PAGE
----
Many cancers include increased copies of the gene MET. But in which cases is MET driving the cancer and in which do these increased copies happen to "ride along" with other molecular abnormalities that are the true cause of the disease? The answer influences whether a tumor will respond to drugs that inhibit MET, like crizotinib. A University of Colorado Cancer Center study being presented today at the 16th World Conference on Lung Cancer in Denver, Colorado sheds light on the best method to determine the threshold at which MET amplification becomes clinically relevant.
"Generally, there are two ways that the number of copies of the MET gene can be increased: The tumor can make multiple copies of the entire chromosome on which it sits -- chromosome 7 -- or it can amplify just the MET region. In the first case, MET is unlikely to be the specific driver of the cancer's biology, it may just be a ride along. But if the MET region is amplified separate from the rest of the chromosome, this would suggest that the MET gene is indeed the area of specific importance to the cancer," says Sinead Noonan, MD, investigator at the CU Cancer Center, senior thoracic oncology fellow at the CU School of Medicine, and the study's first author.
The goal of the current study was to find evidence supporting the above hypothesis and to identify a group of MET-driven patients in which crizotinib would be effective.
To do so, Noonan worked with Marileila Garcia, PhD, CU Cancer Center investigator and professor of Oncology at the CU School of Medicine, who assessed the genetics of over 1,000 lung cancer patients. Using the low level criteria commonly used for defining an increase in MET copy number, independent of whether it was increased by increasing the overall number of copies of the chromosome or just that region of the chromosome, 14.4 percent of these samples were positive for MET copy number gain. The group then looked at another measure, comparing MET copy number to the number of chromosome 7 centromeres -- the center point of the chromosome -- which allowed them to see how specifically MET was amplified in comparison with the chromosome as a whole. When the low level criteria for defining an increase in MET copy number using the ratio of MET to centromere 7 was used, only 4.5 percent of these cases were positive.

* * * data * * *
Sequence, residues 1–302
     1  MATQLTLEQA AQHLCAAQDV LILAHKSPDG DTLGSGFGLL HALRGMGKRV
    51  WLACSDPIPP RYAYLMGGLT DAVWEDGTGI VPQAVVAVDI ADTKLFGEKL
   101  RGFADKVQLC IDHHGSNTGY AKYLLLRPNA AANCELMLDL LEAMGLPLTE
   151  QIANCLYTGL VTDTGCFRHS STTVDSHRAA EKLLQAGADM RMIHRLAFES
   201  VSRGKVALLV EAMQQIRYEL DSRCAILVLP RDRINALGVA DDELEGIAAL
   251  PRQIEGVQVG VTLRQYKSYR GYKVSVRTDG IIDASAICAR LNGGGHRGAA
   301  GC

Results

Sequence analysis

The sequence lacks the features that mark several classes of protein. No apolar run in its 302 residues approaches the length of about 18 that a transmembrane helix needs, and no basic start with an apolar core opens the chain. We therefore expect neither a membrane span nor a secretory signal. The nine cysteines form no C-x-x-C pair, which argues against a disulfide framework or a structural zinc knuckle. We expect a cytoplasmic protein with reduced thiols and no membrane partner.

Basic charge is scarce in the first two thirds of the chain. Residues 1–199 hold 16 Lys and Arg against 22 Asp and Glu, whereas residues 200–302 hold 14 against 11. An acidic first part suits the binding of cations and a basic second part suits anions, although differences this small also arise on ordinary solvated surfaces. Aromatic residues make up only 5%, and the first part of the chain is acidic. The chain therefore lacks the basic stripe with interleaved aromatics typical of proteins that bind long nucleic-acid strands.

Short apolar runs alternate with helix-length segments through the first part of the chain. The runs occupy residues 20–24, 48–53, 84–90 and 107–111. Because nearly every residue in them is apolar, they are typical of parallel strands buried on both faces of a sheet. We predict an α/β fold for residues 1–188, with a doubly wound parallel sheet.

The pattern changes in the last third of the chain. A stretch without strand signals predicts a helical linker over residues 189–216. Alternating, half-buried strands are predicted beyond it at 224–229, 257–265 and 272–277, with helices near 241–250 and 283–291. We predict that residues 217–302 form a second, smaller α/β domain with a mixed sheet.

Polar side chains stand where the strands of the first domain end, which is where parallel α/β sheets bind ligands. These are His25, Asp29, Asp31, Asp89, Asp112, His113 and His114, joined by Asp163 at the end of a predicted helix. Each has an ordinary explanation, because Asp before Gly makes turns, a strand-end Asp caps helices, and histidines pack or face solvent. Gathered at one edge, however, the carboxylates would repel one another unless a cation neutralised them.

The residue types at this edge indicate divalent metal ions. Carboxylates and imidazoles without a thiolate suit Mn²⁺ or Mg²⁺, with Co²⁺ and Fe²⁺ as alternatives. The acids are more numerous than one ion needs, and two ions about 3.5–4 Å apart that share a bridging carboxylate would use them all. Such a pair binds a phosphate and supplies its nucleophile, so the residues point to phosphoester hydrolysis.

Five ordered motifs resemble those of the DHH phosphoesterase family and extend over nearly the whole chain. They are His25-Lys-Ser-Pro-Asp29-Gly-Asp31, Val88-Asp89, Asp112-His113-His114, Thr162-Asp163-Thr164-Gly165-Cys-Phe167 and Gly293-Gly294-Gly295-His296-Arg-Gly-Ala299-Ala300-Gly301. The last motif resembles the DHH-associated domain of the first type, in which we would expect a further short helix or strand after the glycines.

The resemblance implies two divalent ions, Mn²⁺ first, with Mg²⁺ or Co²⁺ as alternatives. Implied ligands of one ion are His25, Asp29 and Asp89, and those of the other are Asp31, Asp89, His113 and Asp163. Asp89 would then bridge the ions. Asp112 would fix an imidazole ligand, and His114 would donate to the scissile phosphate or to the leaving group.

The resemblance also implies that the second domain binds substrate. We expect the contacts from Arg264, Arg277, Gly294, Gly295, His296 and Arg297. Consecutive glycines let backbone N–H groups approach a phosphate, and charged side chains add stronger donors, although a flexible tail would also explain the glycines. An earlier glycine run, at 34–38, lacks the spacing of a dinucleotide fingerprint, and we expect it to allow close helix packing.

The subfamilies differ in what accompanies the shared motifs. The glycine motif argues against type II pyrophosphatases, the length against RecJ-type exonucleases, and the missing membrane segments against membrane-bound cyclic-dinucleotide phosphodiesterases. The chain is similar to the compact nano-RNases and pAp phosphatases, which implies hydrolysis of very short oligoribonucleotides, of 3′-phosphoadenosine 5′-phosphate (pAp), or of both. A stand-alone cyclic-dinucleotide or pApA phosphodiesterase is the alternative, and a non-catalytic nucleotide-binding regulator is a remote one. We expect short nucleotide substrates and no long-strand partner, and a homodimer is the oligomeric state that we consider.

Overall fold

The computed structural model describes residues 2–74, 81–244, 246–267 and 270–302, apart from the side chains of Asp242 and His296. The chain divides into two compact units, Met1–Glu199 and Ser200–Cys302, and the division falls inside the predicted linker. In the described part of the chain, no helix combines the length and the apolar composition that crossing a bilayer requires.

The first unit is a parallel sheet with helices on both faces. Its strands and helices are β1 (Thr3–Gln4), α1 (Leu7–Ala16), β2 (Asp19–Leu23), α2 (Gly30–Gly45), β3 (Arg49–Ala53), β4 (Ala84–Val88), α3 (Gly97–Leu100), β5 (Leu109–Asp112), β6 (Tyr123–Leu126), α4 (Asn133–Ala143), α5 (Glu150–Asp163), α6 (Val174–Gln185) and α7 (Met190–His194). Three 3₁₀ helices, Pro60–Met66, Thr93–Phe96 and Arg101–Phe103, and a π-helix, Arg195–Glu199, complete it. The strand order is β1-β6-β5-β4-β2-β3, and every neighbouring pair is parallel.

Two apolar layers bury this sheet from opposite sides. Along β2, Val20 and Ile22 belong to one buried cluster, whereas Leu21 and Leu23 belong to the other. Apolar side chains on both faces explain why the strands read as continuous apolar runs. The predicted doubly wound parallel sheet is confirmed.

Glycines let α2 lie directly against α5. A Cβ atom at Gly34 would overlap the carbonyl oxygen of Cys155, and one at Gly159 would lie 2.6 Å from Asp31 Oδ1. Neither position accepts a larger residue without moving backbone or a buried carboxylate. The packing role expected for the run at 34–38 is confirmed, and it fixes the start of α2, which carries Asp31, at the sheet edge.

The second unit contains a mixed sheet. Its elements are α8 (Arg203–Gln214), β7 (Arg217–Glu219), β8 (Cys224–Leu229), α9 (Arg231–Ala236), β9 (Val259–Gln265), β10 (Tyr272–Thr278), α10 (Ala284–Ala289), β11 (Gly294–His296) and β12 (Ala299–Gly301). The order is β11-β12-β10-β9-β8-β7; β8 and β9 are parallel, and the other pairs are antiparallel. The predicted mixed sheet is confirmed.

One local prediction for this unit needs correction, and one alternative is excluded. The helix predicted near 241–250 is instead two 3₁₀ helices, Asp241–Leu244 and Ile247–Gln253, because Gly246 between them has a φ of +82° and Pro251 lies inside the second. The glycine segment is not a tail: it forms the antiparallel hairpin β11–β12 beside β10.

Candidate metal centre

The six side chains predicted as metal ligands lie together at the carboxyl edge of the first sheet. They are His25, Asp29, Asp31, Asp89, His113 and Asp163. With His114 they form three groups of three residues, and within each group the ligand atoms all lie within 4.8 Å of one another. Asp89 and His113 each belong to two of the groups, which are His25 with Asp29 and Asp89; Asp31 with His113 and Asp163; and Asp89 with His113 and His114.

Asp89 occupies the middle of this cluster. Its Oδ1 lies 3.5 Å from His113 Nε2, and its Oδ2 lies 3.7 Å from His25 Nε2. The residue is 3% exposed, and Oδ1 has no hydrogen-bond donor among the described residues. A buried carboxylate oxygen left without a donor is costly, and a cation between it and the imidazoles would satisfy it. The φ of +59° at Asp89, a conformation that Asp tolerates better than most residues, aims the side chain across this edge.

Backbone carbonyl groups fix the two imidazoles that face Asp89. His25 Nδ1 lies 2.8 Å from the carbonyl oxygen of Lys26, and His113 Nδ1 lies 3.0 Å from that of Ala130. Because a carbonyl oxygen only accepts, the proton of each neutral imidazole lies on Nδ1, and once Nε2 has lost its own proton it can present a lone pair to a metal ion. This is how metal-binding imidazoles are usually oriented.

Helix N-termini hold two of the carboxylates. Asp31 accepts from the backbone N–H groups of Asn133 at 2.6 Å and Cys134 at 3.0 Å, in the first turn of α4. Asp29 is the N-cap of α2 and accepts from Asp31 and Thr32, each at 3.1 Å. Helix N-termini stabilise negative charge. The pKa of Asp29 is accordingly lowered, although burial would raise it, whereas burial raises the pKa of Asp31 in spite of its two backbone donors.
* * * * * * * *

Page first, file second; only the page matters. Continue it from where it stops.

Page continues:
Now the question was what ratio of MET to centromere 7, exactly, defined patients whose tumors were driven by this gene amplification and so would be most susceptible to MET inhibition via crizotinib.
"There is almost always only one driver abnormality in any given tumor," Noonan says. But in 47 percent of the tumors defined by the minimal MET-to-centromere-7 ratio criteria, the group was able to identify other known genetic drivers, including mutations or gene rearrangements in EGFR, KRAS, BRAF, ALK, ERBB2, RET or ROS1.
"Strikingly, as we looked at cases with higher and higher MET positivity, the degree of overlap with other known drivers decreased," Noonan says. In other words, as the MET-to-centromere-7 ratio increased, the group was less likely to find any other candidates for the cause of the cancer.
A group completely free from overlap with other known cancer drivers was only found in the group in which MET overbalanced centromere 7 by 5 times. Using the other common method of simply counting MET, independent of the ratio, it was impossible to find a group without additional known genetic driver.
"I think these data really help to solidify MET-to-centromere ratio as the better measure for defining a lung cancer driven by MET copy number," says D. Ross Camidge, MD, PhD, Joyce Zeff Chair in Lung Cancer Research at the CU Cancer Center and the senior author of the study. "While the highest ratio only occurs in 0.34 percent of cases, it has clearly been associated with responses to crizotinib approaching 70 percent. However, responses have also been seen at lower ratios. Overall, if we look across all levels of MET-ratio positive cases but exclude those with other identifiable drivers we can identify a group representing 2.4 percent of adenocarcinomas which is ripe for further investigation as potential MET-sensitive subtypes of lung cancer."
The drug company Pfizer has an ongoing clinical trial program to evaluate the usefulness of crizotinib against a range of drivers, including MET copy number-driven lung cancer. The drug has already been shown to be useful against lung cancer driven by ALK and ROS1 gene rearrangements.
"There's definitely a population of patients with cancers sensitive to MET inhibition that can be identified by MET copy number increase. The challenge is finding these people accurately so they can get the best, most personalized approach to treatment possible," says Noonan.
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